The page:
A Culinary Tour
- Fresh Start.
The Ritz-Carlton, San Juan’s Mares dining room offers guava pancakes and views of the property’s carefully manicured tropical gardens. The kitchen runs a made-to-order omelet station and also takes its lattes very seriously.
- Explore Old San Juan.
Settled in 1521 by Spanish colonists, San Juan is one of the oldest European-established cities in all of the Americas. Wandering the cobblestone streets of the oldest district, you’ll pass the 16th century San Felipe del Morro, the cathedral of San Juan Bautista, and a bounty of other remnants from the city’s early days.
- Travel Back in Time.
An institution in the city, Café Manolin has been serving traditional Puerto Rican food to locals since the 1950s — and still has swivel chairs and U-shaped diner booths to prove it. Everything on the menu comes with a side of delicious tostones (twice-fried plantains).
- Cool Off with Something Sweet.
Señor Paleta turns local produce into refreshing sorbets, popsicles and snow cones, which locals line up for in droves. Go early to beat the crowds and order the tart strawberry-mojito or coconut popsicle, which has chunks of coconut meat frozen in.
- People-Watch at the Local Market.
In the heart of the city, Plaza del Mercado de Rio Piedras offers a colorful scene: crowds of locals congregate in the open market to browse produce stands overflowing with tropical fruit like oranges and guavas.
- Work Out with a World-Class Pro.
The Ritz-Carlton, San Juan has two beachfront, outdoor hard-surface tennis courts, where you can book lessons with internationally recognized tennis pro Kamil Assad. He’s just as comfortable training with seasoned players as novices and can accommodate groups or private lessons.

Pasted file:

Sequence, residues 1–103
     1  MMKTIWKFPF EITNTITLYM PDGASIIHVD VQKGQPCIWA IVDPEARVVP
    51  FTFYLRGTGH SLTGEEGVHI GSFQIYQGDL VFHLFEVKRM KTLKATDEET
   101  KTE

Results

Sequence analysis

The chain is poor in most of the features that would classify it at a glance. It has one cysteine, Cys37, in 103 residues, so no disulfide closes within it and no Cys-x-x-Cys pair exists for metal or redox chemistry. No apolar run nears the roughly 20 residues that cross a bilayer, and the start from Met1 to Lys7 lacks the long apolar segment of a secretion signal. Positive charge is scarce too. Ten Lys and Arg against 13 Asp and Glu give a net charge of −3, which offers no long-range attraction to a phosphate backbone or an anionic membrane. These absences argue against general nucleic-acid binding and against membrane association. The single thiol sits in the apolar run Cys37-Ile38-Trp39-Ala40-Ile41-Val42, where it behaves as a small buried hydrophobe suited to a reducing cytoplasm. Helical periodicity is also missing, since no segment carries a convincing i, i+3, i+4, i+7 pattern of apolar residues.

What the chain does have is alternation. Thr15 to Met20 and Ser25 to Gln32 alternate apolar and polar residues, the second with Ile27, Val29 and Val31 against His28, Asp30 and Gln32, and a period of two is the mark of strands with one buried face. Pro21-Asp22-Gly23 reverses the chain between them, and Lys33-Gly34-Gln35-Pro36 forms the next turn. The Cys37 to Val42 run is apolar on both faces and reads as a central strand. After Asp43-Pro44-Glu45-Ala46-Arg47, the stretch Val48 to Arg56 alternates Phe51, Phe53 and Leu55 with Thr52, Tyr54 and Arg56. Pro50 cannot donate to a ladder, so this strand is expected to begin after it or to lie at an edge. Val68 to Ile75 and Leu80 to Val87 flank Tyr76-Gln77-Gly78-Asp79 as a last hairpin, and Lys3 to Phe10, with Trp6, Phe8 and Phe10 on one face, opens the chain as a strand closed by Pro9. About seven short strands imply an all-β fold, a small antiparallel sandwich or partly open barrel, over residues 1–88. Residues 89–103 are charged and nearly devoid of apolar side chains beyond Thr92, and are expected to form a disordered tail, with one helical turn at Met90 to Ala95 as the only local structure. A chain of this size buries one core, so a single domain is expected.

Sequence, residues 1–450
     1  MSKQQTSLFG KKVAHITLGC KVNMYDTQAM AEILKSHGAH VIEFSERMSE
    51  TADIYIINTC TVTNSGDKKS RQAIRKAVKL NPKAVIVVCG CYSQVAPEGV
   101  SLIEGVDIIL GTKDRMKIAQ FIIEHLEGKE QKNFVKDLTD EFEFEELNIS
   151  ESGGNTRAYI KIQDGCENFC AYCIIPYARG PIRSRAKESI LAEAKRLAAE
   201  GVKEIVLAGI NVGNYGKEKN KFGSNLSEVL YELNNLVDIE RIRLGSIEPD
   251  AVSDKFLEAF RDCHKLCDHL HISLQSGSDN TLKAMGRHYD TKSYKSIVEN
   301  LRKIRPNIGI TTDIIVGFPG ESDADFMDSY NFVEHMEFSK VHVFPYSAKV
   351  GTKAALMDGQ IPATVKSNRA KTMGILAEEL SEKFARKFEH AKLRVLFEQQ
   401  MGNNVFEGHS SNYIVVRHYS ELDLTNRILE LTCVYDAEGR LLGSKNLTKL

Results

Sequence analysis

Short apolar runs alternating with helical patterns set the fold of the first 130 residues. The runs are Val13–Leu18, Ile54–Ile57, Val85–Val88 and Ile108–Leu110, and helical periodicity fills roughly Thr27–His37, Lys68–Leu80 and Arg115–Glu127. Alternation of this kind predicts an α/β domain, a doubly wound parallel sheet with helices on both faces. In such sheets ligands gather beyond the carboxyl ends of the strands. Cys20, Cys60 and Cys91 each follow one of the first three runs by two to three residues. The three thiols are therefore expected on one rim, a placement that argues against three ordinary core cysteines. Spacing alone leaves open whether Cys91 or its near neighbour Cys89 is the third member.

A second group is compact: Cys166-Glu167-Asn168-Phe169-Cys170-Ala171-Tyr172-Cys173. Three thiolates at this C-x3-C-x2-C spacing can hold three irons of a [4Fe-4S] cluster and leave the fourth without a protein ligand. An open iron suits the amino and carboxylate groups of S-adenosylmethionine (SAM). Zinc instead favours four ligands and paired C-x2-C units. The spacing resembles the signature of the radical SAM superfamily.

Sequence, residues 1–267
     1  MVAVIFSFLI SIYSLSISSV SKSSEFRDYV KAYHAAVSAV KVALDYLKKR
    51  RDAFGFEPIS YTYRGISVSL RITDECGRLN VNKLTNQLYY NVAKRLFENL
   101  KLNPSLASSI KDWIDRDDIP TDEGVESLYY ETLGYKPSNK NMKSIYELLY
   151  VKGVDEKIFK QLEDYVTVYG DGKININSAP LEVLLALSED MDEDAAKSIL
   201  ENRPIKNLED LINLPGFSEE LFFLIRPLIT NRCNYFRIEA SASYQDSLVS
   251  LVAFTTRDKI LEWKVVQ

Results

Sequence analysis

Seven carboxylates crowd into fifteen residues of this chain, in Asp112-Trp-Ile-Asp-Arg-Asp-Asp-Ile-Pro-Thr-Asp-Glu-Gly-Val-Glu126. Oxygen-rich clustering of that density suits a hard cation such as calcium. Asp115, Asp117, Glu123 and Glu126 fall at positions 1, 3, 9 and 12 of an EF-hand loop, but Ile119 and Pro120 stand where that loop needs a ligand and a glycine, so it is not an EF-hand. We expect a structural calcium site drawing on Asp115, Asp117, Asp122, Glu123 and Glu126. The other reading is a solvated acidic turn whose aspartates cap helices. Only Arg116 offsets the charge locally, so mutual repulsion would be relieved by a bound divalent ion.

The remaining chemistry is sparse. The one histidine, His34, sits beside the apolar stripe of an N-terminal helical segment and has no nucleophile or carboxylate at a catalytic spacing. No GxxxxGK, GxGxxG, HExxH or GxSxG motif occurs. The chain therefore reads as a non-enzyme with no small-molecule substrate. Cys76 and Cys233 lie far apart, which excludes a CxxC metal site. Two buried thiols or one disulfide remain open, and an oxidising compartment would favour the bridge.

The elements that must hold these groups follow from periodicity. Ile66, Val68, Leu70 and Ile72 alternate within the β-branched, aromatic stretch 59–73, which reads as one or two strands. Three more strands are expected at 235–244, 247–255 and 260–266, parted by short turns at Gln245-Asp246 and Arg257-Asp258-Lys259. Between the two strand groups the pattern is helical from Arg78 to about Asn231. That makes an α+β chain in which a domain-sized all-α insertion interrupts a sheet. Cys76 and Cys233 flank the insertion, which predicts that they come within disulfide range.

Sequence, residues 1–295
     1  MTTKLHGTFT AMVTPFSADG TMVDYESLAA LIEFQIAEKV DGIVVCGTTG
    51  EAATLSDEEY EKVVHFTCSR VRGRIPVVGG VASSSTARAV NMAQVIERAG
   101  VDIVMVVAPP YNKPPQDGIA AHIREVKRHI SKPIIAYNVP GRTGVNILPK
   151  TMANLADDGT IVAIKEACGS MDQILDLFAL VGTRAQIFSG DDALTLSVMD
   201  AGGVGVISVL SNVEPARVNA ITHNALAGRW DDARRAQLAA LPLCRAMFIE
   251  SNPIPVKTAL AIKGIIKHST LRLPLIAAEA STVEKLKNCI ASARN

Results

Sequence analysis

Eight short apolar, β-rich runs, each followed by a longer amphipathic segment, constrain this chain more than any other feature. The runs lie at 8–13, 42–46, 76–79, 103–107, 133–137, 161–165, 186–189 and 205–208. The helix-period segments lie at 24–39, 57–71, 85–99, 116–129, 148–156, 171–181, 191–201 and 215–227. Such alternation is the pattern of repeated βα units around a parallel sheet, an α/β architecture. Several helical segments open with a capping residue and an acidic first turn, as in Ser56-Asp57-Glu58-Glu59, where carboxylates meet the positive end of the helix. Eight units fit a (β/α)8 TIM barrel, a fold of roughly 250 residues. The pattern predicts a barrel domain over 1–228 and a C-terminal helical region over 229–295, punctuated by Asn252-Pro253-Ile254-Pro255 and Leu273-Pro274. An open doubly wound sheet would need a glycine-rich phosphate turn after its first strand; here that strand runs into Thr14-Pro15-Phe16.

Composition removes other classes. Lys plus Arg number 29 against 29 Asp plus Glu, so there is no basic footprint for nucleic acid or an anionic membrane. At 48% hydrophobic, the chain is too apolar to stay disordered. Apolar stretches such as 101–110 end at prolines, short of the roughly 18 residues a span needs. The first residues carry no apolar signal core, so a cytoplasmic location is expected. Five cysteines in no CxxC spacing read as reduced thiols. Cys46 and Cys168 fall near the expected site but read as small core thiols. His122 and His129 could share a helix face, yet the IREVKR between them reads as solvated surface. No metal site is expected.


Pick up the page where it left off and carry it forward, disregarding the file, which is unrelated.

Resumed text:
- Savor an Old-Fashioned Cocktail.
A wildly popular speakeasy that’s recognized by the World’s Best 50 Bars, La Factoría helped establish the cocktail culture in San Juan. Signature drinks like lavender mules and spiced old-fashioneds are made with fresh ingredients and served with warm, laid-back service.
- Eat Fresh Caribbean-Style Fish.
The rustic Verde Mesa caters to vegetarian and pescatarian diners, but the fish dishes, made with local catches like cobia and swordfish, are rich and delicious enough to please carnivores. The kitchen incorporates indigenous ingredients to help preserve the native diet.
- Enjoy a Cup of Authentic Puerto Rican Coffee.
Locals take great pride in their coffee, and Hacienda San Pedro is one of the city’s most respected shops. The family behind it has been in the coffee business for four generations, since the 1930s, and owns their own plantation.
- Sun, Surf, Sand.
One of the city’s most beautiful public beaches, Balneario El Escambrón is shaded by towering palm trees and has plenty of lifeguards. It’s protected by coral reefs and filled with colorful fish, so bring a snorkel if you plan to swim.
- Admire the Work of Local Artists.
Run by a local poet, The Poet’s Passage is a gallery space and hangout for many of the city’s most eclectic artists. Browse paintings and mosaics and pick up a handmade souvenir from the gift shop.
- Go Global.
Puerto Rico’s melting pot of African and Spanish influences is ever apparent on the menu at El Jibarito. The owner’s wife, Alda, cooks everything made to order. Don’t miss the traditional mofongo — red snapper served with mashed fried green plantains.
- Take a Break for Some Chocolate.
Head to Casa Cortés ChocoBar, a chocolate-themed restaurant offering luscious, savory-sweet snacks. The hot chocolate has reached legendary status: The rich drink is served with a chocolate bar and a slice of cheddar cheese, both meant to be dipped and melted in the hot chocolate.
- A Memorable Three-Course Dinner.
The Ritz-Carlton, San Juan’s BL3 Temptations offers a distinctive steakhouse experience with a three-course, prix-fixe menu that is adjusted to an individual’s preference for, say, crispy-skinned, locally caught snapper or a 6-ounce filet topped with crispy onions.
- Sip a Piña Colada in its Birthplace.
The beloved creamy, coconut-heavy cocktail was invented in Puerto Rico and the best one served in its capital can be found at Barrachina, the old-school, outdoor bar where many claim the drink was first served.